One of the notable online gambling breakthroughs in the United States this year - the adoption of an internet gambling legalisation proposal in Washington DC - is back under the media microscope following allegations that the measure's author was in the pay of a legal firm at the time and did not disclose this.
In an editorial this week, the Washington Post is critical of independent councillor Michael A. Brown, chiefly because he did not disclose his $200,000+ employment by a law firm with significant interest in the issue - Edwards Angell Palmer & Dodge - which allegedly has an active gaming practice.
Brown has defended his position, saying that there was no conflict because no company represented by the firm, which he has since left, was interested in doing business in the District.
The newspaper takes issue with this, claiming that the legislation nonetheless might be of benefit to his then-employer.
"His failure to disclose the association at the time is yet another troubling example of the secrecy that has surrounded the District’s decision to legalize and promote online poker and other games," the editorial claims.
"At Mr. Brown’s initiative, an amendment to allow the D.C. Lottery to offer online gaming was slipped into the District’s supplemental budget enacted in December. If the technology works as envisioned and the federal government raises no objections, adults in the District will be able to access a geographically contained intranet to play games such as online poker and fantasy sports from their laptop computers, with additional plans for gambling “hot spots” to be set up in hotels, bars and other venues across the city," the op-ed piece continues.
"The city’s chief financial officer and its attorney general both raised questions about the legality of the measure, but there was no public hearing or committee review. Adrian M. Fenty, who was mayor at the time, was not consulted. There was no public debate. And to this day no explanation has been offered for why the normal process of enacting legislation wasn’t followed. “Not sure” is what Mr. Brown told us when we first wrote about it in April."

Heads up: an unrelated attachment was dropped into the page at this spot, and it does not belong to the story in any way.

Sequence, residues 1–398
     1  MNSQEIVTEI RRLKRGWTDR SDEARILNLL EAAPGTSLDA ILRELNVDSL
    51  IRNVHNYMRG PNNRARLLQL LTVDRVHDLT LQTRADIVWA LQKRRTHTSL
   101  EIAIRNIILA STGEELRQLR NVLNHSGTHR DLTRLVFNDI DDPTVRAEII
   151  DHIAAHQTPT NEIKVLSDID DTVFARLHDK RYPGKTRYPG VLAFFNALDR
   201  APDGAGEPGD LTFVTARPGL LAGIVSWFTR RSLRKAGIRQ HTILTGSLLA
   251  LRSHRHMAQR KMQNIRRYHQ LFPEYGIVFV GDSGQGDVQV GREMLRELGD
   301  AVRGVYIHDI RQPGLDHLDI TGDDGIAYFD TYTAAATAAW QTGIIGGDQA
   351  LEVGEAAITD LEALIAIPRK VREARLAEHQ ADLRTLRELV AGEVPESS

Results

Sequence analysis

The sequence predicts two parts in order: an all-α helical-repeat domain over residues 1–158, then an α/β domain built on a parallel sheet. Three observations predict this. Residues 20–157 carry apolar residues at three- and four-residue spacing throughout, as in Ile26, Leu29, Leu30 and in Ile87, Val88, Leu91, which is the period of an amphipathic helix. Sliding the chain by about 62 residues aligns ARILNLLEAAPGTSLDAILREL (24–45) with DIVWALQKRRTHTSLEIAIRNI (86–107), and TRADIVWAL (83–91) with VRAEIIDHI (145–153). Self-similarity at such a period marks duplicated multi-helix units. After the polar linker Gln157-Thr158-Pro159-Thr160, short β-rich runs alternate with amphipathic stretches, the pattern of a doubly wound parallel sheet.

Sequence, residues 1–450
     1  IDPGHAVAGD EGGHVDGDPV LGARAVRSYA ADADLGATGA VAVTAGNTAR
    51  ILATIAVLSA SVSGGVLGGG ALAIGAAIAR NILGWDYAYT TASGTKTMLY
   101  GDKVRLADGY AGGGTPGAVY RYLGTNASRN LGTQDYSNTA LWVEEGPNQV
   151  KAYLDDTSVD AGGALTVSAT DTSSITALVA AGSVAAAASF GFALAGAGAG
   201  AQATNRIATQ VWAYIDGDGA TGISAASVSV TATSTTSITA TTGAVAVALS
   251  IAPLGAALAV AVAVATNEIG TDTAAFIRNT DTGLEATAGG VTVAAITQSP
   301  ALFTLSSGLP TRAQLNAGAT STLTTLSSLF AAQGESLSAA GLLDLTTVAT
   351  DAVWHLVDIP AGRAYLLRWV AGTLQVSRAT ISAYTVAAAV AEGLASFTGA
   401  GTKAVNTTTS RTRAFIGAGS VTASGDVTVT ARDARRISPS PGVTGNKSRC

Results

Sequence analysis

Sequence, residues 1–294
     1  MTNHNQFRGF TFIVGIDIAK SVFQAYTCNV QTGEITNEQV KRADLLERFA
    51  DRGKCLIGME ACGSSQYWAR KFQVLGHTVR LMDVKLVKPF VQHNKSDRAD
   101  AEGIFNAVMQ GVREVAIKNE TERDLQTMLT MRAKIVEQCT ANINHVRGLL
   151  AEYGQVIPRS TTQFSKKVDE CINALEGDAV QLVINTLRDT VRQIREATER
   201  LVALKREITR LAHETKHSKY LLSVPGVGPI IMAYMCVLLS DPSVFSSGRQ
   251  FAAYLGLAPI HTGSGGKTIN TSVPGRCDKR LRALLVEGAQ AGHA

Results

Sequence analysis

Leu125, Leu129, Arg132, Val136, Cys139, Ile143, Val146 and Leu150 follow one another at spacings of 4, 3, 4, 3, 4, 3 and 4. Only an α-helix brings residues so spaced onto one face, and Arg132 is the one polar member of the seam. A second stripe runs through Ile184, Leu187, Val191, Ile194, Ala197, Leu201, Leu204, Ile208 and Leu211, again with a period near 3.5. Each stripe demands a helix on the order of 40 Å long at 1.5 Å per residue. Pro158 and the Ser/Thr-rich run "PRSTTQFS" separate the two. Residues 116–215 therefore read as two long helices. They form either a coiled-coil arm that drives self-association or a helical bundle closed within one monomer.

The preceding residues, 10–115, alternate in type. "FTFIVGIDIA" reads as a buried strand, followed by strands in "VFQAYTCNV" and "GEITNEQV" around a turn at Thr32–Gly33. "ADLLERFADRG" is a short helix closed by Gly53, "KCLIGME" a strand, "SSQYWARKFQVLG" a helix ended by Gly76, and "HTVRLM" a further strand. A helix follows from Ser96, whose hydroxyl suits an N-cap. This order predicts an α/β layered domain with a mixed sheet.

The newspaper examines the possible value to Brown’s then-employer or its clients of the nation’s capital becoming the first local government to permit online gaming, potentially a highly profitable industry.
"If some now follow the District’s lead, new markets could open for Edwards Angell clients, which according to the firm’s Web site include “public and private companies that provide gaming equipment, software and/or services; casino owners; lenders to gaming facility developers; and companies and individuals involved in gaming-related investigations and disputes,” opines the newspaper.
Among those represented by the law firm is GTech, whose subsidiary GTechG2 is intimately involved in online gambling as a software provider.
The editorial also points out that Edwards Angell was among the sponsors of a recent conference in San Francisco that featured a session on internet gambling, on which Mr. Brown was a speaker discussing “political insights” into legalising and regulating the practice.
Brown said that his conference expenses were paid by his D.C. office and that he received no honorarium.
Whilst employed at Edwards Angell, Brown was a senior public policy adviser in the government relations department, paid around $240,000 in 2010. He left Edwards Angell earlier this year for greener pastures with lobbying and consulting firm Madison Group, where he lobbies on behalf of clients in Congress and the White House.
When approached for its perspective, Edwards Angell told the Washington Post:
“With respect to Michael Brown’s activities as a member of the DC Council, we maintained a strict boundary between the firm’s professional endeavors and Mr. Brown’s activities - as is the case with all of our professionals’ outside activities. Firm management was thus unaware in 2010 of Mr. Brown’s intent to sponsor legislation legalizing online gaming in the District.”
Source: InfoPowa News